GitLab's model

Here's a summary of the things in GitLab's universe, what they mean, and how they relate to each other.

  • Projects. Example: the GHC project. A project has
    • A git repository
    • A wiki
    • An issue tracker
    • An owner, who is either a group or a user. Question: exactly one owner? A project can accept merge requests.
  • Users.
    • A user can be a member of (a) groups and (b) projects.
    • There are a few flavours of membership, called "roles". These include "reporter", "developer", "maintainer", and "owner"; which all imply different sets of permissions, documented here.
  • A merge request (MR) is a set of one or more commits that you want to have merged into master.
    • Every MR has an associated GIT branch. It is this branch that will be ultimately merged into master.
    • The branch may have multiple commits; these are all merged individually onto master.
  • A review is a set of comments on a MR. Always comment on MRs using a review, else the recipients get one email per comment, which is terrible.
  • An issue is GitLab's name for a Trac ticket.


Making a change to the master repository

You never commit directly to HEAD. Rather, follow this workflow.

  • Create a branch, e.g. wip/spj-wibbles or wip/T16224:
    $ git checkout -b wip/spj-wibbles
  • Push it to the main repo (or your private repo)
    $ git push -u origin wip/spj-wibbles
    The -u flag arranges that your private branch will now track the remote branch.
  • As you review it, you can add further patches to the branch, and push them. The MR as seen in GitLab is always the tip of the branch.
  • You can also rebase the patch on HEAD; then you need to force-push the branch
    $ git push --force origin wip/spj-wibbles
  • Before trying to commit to master, you should tidy up the MR by squashing it into one (or more in unusual cases) patch, with a good commit message.
  • When you are ready to commit to master, you do this by assigning to Marge. Go to "Edit" the MR, and set the "Assignee" to "Marge". That's all you have to do. Marge will rebase you patch on master, validate, and commit.

In particular, do not click the "Merge if passes tests" button. That bypasses Marge and confuses her.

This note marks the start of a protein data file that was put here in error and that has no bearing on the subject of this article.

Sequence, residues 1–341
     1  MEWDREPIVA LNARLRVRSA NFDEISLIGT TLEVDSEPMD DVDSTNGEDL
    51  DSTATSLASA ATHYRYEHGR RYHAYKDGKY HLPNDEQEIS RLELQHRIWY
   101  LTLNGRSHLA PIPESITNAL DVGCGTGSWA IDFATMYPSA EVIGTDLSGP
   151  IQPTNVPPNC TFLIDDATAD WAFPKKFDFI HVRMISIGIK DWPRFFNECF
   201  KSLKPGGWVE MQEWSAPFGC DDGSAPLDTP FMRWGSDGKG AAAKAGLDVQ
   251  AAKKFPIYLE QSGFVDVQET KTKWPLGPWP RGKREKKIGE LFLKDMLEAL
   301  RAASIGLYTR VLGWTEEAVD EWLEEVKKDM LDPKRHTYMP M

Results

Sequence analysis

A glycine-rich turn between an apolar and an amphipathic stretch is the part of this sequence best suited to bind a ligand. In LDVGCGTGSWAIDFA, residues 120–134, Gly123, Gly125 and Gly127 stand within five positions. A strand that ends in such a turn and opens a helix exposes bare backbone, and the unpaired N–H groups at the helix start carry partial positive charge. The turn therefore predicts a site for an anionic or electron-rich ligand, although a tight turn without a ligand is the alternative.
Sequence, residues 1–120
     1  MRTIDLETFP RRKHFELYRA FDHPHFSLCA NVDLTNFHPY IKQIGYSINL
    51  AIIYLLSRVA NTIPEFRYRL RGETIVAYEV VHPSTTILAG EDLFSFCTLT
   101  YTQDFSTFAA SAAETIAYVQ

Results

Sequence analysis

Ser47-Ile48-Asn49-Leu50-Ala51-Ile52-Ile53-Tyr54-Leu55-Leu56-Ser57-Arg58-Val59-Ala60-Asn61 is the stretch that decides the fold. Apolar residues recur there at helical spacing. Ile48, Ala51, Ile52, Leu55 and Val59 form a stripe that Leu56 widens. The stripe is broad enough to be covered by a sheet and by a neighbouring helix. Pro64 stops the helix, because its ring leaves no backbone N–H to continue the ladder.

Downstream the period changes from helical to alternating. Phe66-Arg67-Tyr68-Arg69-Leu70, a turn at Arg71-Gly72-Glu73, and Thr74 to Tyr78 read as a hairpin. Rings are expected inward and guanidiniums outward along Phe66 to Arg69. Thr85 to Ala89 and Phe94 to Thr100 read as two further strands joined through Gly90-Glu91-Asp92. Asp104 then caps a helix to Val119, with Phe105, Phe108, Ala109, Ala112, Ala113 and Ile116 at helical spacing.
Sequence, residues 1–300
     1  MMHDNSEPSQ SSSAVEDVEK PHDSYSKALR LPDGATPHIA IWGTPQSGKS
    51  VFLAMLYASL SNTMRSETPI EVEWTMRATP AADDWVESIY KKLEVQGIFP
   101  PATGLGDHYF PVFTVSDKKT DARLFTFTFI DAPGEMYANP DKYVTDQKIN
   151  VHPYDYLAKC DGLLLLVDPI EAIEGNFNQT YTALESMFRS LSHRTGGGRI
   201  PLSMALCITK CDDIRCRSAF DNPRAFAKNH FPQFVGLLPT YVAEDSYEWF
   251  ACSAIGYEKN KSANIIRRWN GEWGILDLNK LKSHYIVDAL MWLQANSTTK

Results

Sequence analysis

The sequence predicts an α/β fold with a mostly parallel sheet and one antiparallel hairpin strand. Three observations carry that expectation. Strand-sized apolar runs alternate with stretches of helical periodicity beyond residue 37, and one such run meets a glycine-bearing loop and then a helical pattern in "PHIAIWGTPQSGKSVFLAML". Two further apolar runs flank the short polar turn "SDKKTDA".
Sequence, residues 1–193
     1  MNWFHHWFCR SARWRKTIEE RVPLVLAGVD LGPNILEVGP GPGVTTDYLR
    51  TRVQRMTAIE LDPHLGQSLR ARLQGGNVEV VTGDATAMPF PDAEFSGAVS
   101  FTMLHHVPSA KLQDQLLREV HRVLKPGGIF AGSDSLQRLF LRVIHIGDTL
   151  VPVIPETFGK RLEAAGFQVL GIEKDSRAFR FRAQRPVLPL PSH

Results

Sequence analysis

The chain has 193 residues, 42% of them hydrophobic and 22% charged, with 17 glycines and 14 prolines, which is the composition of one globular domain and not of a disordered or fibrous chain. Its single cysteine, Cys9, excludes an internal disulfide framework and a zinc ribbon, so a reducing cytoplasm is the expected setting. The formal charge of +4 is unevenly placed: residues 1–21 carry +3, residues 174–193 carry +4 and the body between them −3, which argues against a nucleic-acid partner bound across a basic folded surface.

GitLab notes

Merge requests

  • The title and description of a MR do not form part of the Git repo's history. Only the commit messages in the patches do. So make sure that each patch has a good commit message! The title and description of the MR signpost the readers through the review process.
  • To see all merge requests, click on "Merge requests" in the left-hand nav column. The similar icon in the black menu bar at the top doesn't seem to do anything useful.
  • To see more code surrounding a diff, there are some light grey "..." icons at the top and bottom of the line-number column. Click to show more.
  • Work in progress Merge Requests. A MR can be a "work in progress" (WIP) MR.
    • WIP MRs are identified simply by having a title beginning "WIP:" or "[WIP]".
    • The "merge" button is disabled for WIP MRs, so they can't be accidentally merged. Details here
  • Approvers. A MR requires at least one approver to press the "Approve" button before a MR will be merged. The approvers for a MR are drawn from three sources:
    • A small per-project list of super-developers.
    • The code owners file: if your patch touches code listed in this file, the corresponding users become approvers for that MR.
    • Per-MR approvers, which you as MR author can add. From what list?

Per MR approvers: chosen from developer.

Gitlab tips

  • Markup. In GitLab markup: